Metropolitan News-Enterprise


Thursday, August 15, 2002


Page 1


Dismissal of Suit on Other Grounds Did Not Preclude Fee Award Under Anti-SLAPP Law, C.A. Rules


By a MetNews Staff Writer


Defendants who filed a timely motion to strike a strategic lawsuit against public participation, in a suit that was dismissed on other grounds, may be awarded attorney fees under the anti-SLAPP law, the Court of Appeal for this district ruled yesterday.

Div. Five reversed Los Angeles Superior Court Judge Gregory C. O’Brien’s order denying fees to tenants of Venice’s Lincoln Place apartment complex. O’Brien ruled that he lacked jurisdiction to award fees to the defendants under Code of Civil Procedure Sec. 425.16 because he had previously dismissed their landlord’s suit as “de minimis.”

The landlord, Pfeiffer Venice Properties, sued 12 tenants and the tenants’ association in September 2000, accusing them of vandalism, among other things. The tenants alleged in their anti-SLAPP motion that the landlord was actually suing in retaliation for the defendants’ insistence that Pfeiffer Venice follow “a legal process” in its effort to persuade the tenants to vacate their parking spaces for purposes of construction.

In an order explaining the dismissal, O’Brien said the case was “extraordinary” because “a large landlord has, in the court’s view, improperly asserted the general jurisdictional power of the Superior Court for the purpose of intimidating [defendants] from exercising their rights to organize and lead a tenant organization.”

The judge continued:

“While the first amended complaint is allegedly directed at extremely petty vandalism, rather than speech per se, the suit is a transparent device obviously brought for the purposes of political intimidation, rather than for the proper redress of a slight grievance.”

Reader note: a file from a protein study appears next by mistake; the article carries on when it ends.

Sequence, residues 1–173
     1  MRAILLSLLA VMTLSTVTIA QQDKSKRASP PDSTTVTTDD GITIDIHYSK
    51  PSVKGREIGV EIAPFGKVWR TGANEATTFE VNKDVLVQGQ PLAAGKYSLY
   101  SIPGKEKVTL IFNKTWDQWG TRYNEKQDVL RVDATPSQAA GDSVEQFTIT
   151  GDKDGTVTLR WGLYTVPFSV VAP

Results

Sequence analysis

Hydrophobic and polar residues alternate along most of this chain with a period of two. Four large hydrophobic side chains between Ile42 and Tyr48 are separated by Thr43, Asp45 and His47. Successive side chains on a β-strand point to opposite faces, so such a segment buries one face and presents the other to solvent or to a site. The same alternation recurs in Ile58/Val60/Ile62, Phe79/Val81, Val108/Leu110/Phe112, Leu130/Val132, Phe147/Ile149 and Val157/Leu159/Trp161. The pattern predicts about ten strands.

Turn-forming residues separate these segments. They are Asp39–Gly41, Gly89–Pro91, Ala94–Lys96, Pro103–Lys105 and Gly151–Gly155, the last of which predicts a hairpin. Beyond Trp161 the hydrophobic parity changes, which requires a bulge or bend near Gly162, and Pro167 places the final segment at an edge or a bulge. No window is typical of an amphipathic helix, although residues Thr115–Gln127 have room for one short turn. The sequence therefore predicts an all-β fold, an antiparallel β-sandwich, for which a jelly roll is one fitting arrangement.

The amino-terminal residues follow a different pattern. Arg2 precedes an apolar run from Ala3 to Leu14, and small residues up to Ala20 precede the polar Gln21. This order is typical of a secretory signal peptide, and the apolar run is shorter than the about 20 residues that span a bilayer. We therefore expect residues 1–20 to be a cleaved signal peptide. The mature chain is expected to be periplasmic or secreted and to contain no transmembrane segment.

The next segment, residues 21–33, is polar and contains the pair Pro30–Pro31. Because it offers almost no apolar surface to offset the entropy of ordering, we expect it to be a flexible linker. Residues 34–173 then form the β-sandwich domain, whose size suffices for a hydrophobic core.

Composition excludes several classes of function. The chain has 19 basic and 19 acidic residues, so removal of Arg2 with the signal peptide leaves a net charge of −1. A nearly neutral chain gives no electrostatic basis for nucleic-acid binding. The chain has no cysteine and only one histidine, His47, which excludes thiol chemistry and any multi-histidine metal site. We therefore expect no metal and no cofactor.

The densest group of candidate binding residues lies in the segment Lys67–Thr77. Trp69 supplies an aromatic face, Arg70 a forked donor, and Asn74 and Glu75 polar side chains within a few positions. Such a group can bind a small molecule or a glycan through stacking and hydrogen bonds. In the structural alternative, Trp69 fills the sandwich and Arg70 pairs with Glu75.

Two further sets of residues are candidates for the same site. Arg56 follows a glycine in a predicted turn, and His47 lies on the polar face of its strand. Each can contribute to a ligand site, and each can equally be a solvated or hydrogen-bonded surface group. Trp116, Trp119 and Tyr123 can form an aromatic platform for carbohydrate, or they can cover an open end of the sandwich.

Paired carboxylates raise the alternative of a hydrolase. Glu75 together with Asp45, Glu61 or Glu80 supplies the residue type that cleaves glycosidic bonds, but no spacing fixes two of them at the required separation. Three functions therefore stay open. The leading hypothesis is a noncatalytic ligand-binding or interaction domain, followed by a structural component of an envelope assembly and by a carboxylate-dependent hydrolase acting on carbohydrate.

O’Brien invited the defendants to move for attorney fees, but eventually denied the motion. In doing so, he cited Hon v. Marshall, (1997) 53 Cal.App.4th 470, a Fair Employment and Housing Act case in which the court said there was a “disinclination” to award fees to a defendant where the plaintiff lost on a jurisdictional issue rather than on the merits.

But Justice Orville Armstrong, writing for Div. Five, said that case was “at best, remotely relevant to the issue before us.”

He noted that awards to prevailing defendants in FEHA cases are discretionary, while awards to defendants who prevail under the anti-SLAPP law are mandatory. “More importantly,” Armstrong explained, “the Hon decision was based on the ‘firmly entrenched policy disfavoring attorney fee awards to prevailing defendants’ in civil rights cases…while the SLAPP statute embodies a legislative determination favoring, and indeed, mandating, the award of attorney fees to prevailing defendants in SLAPP suits.”

The justice cited Court of Appeal decisions holding that Sec. 425.16 authorizes attorney fee awards in cases where the plaintiff voluntarily dismissed an action with a SLAPP motion pending.

“[W]e hold that defendants were entitled to a ruling on the merits of their SLAPP motion, the result of which will necessarily determine their right to attorney fees under section 425.16, subdivision (c),” Armstrong said.

Attorneys on appeal were Daniel P. Tokaji, Mark Rosenbaum; David Etezadi, and Edward I. Sands of the ACLU Foundation of Southern California for the tenants and Irell & Manella’s Gregory R. Smith, Allan J. Abshez, and Andrew K. Fogg for the landlord.

The case is Pfeiffer Venice Properties v. Bernard, B152966.


Copyright 2002, Metropolitan News Company